A security oversight common to many people is failing to keep their web browser up-to-date. These could be the same people who keep their computer operating systems current by uploading the latest security patch and who avoid opening email attachments from strangers. This inconsistent behavior often happens because they simply aren't aware that browsers present a security risk. If their browser auto-update setting isn't ticked, then their risk of suffering serious security consequences substantially increases with each passing year.
What are these consequences exactly? They're the effects of having your browser and possibly your computer infected with malware. The exact effect will depend on the type of malware. It might change settings on your browser so that your homepage is a website full of advertising, dangerous links, or dangerous downloads. Or it might simply redirect your browser to the site.
Other types of malware might lie dormant until you visit certain types of websites such as the login page of a bank. When this happens, an installed keylogger may start recording your keystrokes as you log into your banking account, and thereby record your login credentials.
How Your Browser Gets Infected
There was a time when getting infected required clicking a link, opening an email attachment, or downloading and installing "software." Today, you need only visit a malicious website to get your browser infected. This is often done using what's called an exploit kit that's installed on the server that hosts the website.
The exploit kit communicates with your browser in an effort to find and exploit a vulnerability in its code. If you aren't using an up-to-date web browser, it may be riddled with old vulnerabilities that were never fixed by security patch updates. In this case, the odds are good that the exploit kit will find one if not several of these.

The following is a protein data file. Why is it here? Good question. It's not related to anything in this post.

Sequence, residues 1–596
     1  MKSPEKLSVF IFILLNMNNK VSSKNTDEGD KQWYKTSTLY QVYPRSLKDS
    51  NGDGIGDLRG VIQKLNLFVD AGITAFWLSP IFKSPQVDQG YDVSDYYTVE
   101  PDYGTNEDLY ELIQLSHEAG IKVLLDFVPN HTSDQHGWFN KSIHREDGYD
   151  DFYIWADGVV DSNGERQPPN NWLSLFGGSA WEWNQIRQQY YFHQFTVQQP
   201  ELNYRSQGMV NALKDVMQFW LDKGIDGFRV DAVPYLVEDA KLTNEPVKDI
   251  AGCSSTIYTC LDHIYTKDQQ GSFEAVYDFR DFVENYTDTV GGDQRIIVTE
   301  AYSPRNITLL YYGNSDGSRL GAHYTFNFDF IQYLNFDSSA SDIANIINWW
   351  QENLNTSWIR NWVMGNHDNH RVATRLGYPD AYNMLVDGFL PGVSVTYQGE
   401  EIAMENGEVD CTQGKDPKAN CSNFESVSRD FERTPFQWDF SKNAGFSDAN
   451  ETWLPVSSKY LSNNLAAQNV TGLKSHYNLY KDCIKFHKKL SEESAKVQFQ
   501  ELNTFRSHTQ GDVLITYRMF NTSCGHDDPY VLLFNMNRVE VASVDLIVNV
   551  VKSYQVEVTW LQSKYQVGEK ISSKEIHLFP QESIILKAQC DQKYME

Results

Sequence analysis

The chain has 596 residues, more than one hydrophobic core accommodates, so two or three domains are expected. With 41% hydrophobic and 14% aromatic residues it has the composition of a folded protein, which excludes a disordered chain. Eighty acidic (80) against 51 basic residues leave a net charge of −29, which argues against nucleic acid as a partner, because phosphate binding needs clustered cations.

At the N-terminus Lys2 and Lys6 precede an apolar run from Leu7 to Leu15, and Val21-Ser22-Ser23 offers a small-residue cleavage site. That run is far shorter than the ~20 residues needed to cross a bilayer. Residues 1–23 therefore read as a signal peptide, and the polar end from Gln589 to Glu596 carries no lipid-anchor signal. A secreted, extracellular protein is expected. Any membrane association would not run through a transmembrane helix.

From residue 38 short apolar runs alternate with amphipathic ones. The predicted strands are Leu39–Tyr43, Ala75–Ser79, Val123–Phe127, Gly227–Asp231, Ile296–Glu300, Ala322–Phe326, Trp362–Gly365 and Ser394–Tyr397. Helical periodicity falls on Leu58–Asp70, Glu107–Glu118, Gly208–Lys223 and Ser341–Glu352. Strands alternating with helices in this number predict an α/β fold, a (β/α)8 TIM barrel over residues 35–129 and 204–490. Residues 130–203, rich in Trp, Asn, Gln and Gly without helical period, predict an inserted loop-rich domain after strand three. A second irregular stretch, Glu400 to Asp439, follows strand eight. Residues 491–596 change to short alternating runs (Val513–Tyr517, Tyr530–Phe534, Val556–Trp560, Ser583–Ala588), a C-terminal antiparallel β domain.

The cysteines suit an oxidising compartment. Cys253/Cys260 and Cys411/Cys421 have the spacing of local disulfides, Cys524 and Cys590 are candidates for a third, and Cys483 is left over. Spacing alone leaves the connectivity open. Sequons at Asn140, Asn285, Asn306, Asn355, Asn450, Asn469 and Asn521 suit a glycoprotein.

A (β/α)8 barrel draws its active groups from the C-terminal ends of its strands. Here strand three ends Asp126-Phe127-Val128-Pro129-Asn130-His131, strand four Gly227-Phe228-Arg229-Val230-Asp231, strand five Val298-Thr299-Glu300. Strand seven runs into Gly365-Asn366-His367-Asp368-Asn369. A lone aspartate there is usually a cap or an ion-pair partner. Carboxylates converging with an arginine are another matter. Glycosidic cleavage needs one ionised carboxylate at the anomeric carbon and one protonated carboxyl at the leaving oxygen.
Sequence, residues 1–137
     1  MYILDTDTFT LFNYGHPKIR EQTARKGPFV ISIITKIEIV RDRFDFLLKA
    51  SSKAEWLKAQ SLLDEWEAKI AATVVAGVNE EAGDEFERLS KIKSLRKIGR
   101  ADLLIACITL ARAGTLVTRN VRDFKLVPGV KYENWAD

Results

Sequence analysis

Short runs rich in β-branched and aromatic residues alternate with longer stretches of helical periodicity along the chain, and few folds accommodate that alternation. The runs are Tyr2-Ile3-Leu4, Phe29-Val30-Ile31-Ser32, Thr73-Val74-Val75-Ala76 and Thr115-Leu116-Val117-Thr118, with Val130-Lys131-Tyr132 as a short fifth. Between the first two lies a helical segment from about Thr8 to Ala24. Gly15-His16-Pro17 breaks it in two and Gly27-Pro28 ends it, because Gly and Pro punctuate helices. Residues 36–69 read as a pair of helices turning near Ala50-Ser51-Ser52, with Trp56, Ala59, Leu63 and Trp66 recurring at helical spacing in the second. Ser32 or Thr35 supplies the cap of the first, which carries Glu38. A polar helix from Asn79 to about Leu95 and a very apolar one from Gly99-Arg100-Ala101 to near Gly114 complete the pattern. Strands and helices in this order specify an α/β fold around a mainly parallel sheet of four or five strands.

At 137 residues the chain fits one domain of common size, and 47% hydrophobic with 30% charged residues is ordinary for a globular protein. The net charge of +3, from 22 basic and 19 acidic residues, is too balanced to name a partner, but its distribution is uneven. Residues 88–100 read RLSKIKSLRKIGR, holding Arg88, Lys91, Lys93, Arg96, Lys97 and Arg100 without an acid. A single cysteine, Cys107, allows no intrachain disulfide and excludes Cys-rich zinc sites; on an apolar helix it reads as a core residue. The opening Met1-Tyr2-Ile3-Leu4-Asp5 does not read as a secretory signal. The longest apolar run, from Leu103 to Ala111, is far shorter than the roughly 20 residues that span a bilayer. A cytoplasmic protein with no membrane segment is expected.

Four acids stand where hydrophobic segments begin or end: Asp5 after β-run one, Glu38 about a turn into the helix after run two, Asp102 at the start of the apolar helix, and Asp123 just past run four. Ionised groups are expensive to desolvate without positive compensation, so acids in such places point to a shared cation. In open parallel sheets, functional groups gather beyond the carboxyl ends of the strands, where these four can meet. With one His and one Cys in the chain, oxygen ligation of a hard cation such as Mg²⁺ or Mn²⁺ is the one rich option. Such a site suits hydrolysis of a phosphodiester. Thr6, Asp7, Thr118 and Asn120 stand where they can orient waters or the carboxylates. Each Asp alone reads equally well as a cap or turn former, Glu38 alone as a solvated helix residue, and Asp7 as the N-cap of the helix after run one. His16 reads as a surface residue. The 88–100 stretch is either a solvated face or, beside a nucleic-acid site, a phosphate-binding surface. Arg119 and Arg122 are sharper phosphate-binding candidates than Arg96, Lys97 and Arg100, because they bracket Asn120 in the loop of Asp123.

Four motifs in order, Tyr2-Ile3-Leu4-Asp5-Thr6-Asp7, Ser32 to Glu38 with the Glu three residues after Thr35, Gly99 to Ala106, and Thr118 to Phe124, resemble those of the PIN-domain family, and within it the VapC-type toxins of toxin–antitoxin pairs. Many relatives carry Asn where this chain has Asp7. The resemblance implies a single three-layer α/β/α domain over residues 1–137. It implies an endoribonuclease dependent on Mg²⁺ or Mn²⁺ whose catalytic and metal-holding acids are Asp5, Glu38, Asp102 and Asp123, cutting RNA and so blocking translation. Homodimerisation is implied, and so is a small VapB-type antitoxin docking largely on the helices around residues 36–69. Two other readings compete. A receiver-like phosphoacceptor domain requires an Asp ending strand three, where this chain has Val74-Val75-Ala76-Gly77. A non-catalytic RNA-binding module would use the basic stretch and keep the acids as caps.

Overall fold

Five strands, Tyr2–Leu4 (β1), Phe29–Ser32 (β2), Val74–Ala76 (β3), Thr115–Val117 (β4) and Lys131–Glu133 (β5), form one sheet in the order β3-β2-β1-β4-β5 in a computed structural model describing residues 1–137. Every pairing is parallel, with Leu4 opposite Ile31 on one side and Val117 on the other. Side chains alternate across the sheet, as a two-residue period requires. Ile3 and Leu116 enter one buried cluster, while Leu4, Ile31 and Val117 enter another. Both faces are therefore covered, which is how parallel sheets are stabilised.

Failing to update browser plugins and extensions is another way that browsers become infected. Adobe's Flash Player and Oracle's Java are two plugins that require regular updates because security vulnerabilities are regularly being found in them.
Your best defense against infection is to make sure your browser's auto-update setting is switched on. Delete all browser plugins you aren't using and keep the others updated. Don't assume that your plugins auto-update. If any lack this capability, you'll have to either manually update or delete them.
Failing to keep your web browser and its plugins up-to-date not only exposes your browser and computing device to infection, it also endangers the networks you use at work as well as the devices of your colleagues. For more information and answers to your questions, contact us.